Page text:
Using FY2002 as a base year, our target is to reduce total energy use in our manufacturing operations in North America by 27% per vehicle produced, to 6.3 MMBTU/vehicle produced, by FY2011. In this first year of our new Action Plan, we increased production at our nonassembly plants in Alabama and West Virginia, and expanded our nonassembly plants in Delta, British Columbia, and Troy, Missouri. Due to these production increases and facility expansions, our overall energy use per vehicle slightly increased. Nevertheless, we are still on track to reach our target, and continue to implement pilot projects and kaizens to reduce energy use.

Toyota has been an Energy Star partner since 2003. For the third year in a row, Toyota Motor Engineering and Manufacturing, North America, was awarded the 2007 Energy Star Award for Sustained Excellence in their U.S. manufacturing operations. In addition, the U.S. EPA recognized Toyota vehicle assembly plants in Indiana, Kentucky and northern California with Energy Star Plant Awards. To be eligible, a plant’s energy performance for the past 12 months must be in the top 25% of its industry, and the information used to calculate the plant’s energy performance score must be certified by a professional engineer. Toyota’s three plants have installed energy-efficient fluorescent lamps, reduced the operational time of their paint shops by 10%, and reduced energy use by 5%.

Pilot Project Reduces Energy Use at Plant in Cambridge, Ontario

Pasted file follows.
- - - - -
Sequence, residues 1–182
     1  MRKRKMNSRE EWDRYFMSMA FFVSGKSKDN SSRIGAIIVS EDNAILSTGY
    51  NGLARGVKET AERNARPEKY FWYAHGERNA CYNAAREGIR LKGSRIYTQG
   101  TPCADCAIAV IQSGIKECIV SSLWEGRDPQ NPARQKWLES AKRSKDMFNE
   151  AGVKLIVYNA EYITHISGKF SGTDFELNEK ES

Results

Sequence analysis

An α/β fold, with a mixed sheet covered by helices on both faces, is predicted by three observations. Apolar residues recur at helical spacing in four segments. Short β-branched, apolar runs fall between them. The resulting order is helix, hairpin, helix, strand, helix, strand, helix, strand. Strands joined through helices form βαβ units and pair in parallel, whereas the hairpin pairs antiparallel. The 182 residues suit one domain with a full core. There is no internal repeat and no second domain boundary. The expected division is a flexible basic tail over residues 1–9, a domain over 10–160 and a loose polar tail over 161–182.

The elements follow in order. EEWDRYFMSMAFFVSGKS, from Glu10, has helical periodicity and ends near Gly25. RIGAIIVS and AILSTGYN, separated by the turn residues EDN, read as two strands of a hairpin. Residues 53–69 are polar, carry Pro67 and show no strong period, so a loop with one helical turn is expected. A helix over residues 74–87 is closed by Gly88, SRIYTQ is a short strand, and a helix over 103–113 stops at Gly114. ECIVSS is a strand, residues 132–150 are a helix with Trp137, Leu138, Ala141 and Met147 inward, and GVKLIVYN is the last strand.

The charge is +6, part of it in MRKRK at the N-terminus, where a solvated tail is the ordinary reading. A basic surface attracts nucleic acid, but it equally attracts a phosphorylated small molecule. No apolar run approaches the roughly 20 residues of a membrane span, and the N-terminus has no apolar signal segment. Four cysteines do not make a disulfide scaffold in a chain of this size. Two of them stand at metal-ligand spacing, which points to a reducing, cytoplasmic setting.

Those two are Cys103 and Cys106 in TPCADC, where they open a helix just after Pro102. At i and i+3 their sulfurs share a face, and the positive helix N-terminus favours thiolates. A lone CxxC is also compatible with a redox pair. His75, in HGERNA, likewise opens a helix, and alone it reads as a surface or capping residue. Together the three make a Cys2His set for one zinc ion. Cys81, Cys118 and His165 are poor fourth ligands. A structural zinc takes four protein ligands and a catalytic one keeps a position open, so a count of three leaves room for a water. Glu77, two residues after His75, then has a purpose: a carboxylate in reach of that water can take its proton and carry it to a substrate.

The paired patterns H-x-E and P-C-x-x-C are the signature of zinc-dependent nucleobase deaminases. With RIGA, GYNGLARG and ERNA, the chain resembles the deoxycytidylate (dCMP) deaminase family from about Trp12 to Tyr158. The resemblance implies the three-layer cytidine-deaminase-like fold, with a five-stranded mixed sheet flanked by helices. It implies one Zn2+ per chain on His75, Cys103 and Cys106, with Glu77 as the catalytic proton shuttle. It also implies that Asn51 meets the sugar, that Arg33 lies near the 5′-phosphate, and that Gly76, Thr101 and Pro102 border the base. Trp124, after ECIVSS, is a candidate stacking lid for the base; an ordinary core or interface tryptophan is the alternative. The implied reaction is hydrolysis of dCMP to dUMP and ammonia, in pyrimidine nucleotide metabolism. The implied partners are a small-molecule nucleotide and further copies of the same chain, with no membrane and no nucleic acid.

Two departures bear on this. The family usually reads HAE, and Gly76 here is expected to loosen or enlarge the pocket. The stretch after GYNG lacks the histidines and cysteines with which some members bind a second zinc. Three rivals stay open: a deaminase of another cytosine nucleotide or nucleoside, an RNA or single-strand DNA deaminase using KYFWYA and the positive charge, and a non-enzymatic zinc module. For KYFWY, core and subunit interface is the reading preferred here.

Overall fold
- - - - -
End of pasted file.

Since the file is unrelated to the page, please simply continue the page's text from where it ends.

One of the ways we reduce energy use is to pilot energy reduction projects. The projects must have a payback of less than three years, and must be able to yokoten (be implemented) at other manufacturing plants. These projects can involve either a new technology, or a new application of an existing technology.

Implementation of a pilot project is almost complete at our plant in Cambridge, Ontario, that will use waste heat from an air compressor unit to preheat the city water before it is processed by reverse osmosis. The project is planned to improve the efficiency of the reverse osmosis system, with an estimated combined electric and natural gas reduction of 5,000 MMBTUs per year and a water reduction of six million gallons per year.

Greenhouse Gas Emissions

Energy use is the main source of greenhouse gases from our manufacturing plants. Figure K shows our GHG emissions from energy use at our U.S. plants. For Toyota’s worldwide production, we are committed to a 20% GHG reduction per sales unit, by 2010, against a 2001 baseline. In the U.S., Toyota, along with other members of the Alliance of Automobile Manufacturers, participates in the U.S. Department of Energy Climate VISION program. Member companies have committed to reducing the level of GHGs emitted from manufacturing operations by 10% per vehicle produced by 2012, compared to a 2002 baseline. We are exceeding this U.S. commitment.